Tuesday, April 20, 2010

Lake Eppalock Fall

I have been unwell the last couple of weeks and have avoided the bike to speed my recovery. But today I got out again. I made north-east out of Melbourne, but changed my mind and turned west on pleasant apple-orchard roads between St Andrews and Whittlesea, aiming for Wandong. Somehow I ended up in Kilmore instead. North of there I played on the Pyalong-Broadford Road.

With lunch at Heathecote, I aimed to circle Lake Eppalock.  This is interesting country: winding, but dry, sandy and scrubby. The day was warm and blue, with hints of a thunderstorm growing.

Below, a river. Traditional Australian literature often associates emotions with water - emotional scenes take place around water-places: the ocean, lakes, swimming holes at rivers. It is said that our traditional literature is typically dry in emotional content.

I arrived at Knowsley and made my way down the western side of the lake - or rather reservoir.

Further along, in a deserted place, I came to the shore of the depleted lake. There was a 4x4 track along its edge which I followed. I stopped my bike for a photo at this spot, which I later photographed while waiting for fate's decision.

Having initially stopped and turned my back, I heard a noise through my ear plugs and spun around to find the bike on its side in the mud. Furthermore, it was angled in a mildly upside-down position because of the angle of the lake bed. I grabbed the bike but couldn't lift it. I threw my gear off, grabbed the bike again, but still could not: it was simply too heavy, too awkward, and it rolled in the dirt rather than rising. I was alone. The longer the bike lay, the harder it would be to get it started and to get myself out of this place without drama. I feared I had snapped one of the levers, which would also strand me, but they were buried in the mud and I couldn't see the damage. My hands were stung and bled because the bike was lying on these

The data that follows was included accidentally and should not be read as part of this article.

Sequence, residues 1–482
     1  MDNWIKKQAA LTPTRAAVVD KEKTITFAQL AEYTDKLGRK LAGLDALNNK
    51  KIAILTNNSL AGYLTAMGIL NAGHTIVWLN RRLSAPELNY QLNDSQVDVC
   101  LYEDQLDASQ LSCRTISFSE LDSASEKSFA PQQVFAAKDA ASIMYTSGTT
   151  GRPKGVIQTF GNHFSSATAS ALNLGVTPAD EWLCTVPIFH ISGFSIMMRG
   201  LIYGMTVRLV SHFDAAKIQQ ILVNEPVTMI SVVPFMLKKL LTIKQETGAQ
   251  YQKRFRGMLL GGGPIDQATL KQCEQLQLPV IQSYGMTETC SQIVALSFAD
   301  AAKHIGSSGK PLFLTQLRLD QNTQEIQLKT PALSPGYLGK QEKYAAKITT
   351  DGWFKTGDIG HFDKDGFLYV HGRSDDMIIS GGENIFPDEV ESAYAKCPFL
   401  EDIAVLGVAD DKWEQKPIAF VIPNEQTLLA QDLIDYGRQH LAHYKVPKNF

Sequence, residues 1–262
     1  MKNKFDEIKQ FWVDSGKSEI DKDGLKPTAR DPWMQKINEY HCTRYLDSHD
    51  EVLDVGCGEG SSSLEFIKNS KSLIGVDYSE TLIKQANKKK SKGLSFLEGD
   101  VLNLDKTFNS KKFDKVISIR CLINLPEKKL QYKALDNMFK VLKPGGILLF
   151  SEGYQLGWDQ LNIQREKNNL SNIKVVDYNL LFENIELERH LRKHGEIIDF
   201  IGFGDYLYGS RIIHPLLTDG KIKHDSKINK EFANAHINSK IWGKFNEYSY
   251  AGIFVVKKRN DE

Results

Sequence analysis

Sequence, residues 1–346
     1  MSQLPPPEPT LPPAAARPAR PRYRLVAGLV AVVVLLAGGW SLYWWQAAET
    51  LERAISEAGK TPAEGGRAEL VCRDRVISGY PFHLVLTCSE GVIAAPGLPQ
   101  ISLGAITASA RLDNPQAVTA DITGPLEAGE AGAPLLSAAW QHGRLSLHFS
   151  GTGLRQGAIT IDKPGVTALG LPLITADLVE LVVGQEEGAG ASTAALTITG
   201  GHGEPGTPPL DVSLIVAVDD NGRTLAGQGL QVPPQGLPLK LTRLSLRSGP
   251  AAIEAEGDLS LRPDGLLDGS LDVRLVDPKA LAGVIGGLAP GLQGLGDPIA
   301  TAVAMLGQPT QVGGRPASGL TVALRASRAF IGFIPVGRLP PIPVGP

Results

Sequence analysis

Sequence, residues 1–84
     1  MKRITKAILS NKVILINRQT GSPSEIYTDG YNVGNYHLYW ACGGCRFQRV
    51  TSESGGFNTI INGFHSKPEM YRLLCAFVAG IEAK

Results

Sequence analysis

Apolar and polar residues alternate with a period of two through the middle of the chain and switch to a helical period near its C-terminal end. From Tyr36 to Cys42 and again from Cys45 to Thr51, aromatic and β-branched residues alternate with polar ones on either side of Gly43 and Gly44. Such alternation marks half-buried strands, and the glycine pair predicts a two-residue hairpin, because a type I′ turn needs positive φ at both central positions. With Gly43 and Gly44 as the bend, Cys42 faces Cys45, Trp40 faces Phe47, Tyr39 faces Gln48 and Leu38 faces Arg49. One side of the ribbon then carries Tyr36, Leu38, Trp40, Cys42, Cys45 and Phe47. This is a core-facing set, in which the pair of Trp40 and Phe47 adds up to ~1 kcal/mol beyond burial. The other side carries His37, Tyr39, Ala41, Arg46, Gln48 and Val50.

Eventually, my limbs jelly from the weakness of having been ill, I slowly lifted the bike: as when a person gets their shoulder under a heavy object, I maneuvered my body under it, inch by inch, then the act of standing brought the bike up.

It wouldn't start. I waited and tried again, with each attempt depleting the battery, which could easily flatten and further strand me.

Still it would not start. Thunder rumbled, like anxiety in the pit of one's stomach, and the day closed and darkened. Letting the bike sit, I took photos while I waited, to capture the feeling of isolation.

After a forcing myself to wait some time I tried again - nothing. I experimented with wide open throttling: nothing.  Then suddenly the bike burst into a cry of high revs.

Things were a little twisted but nothing was damaged. Everything having come to nothing, I made for home as lightning flashed in the dark.


  1. That was a great read!

    Hmmm..... so this is the dirt riding you're trying to entice me into?

  2. Jeez Matt, there's not going to be much hornet left in a years time at this rate! How'd the bike fare?

  3. Reading your adventure has made me want to hop on my Shadow and take off the the day! Thanks for the motivation. By the way somewhere on the net I found a site 'How to lift your bike'. It works a treat no fuss. I dropped mine some weeks back and I had it up no worries and I am a little old lady almost!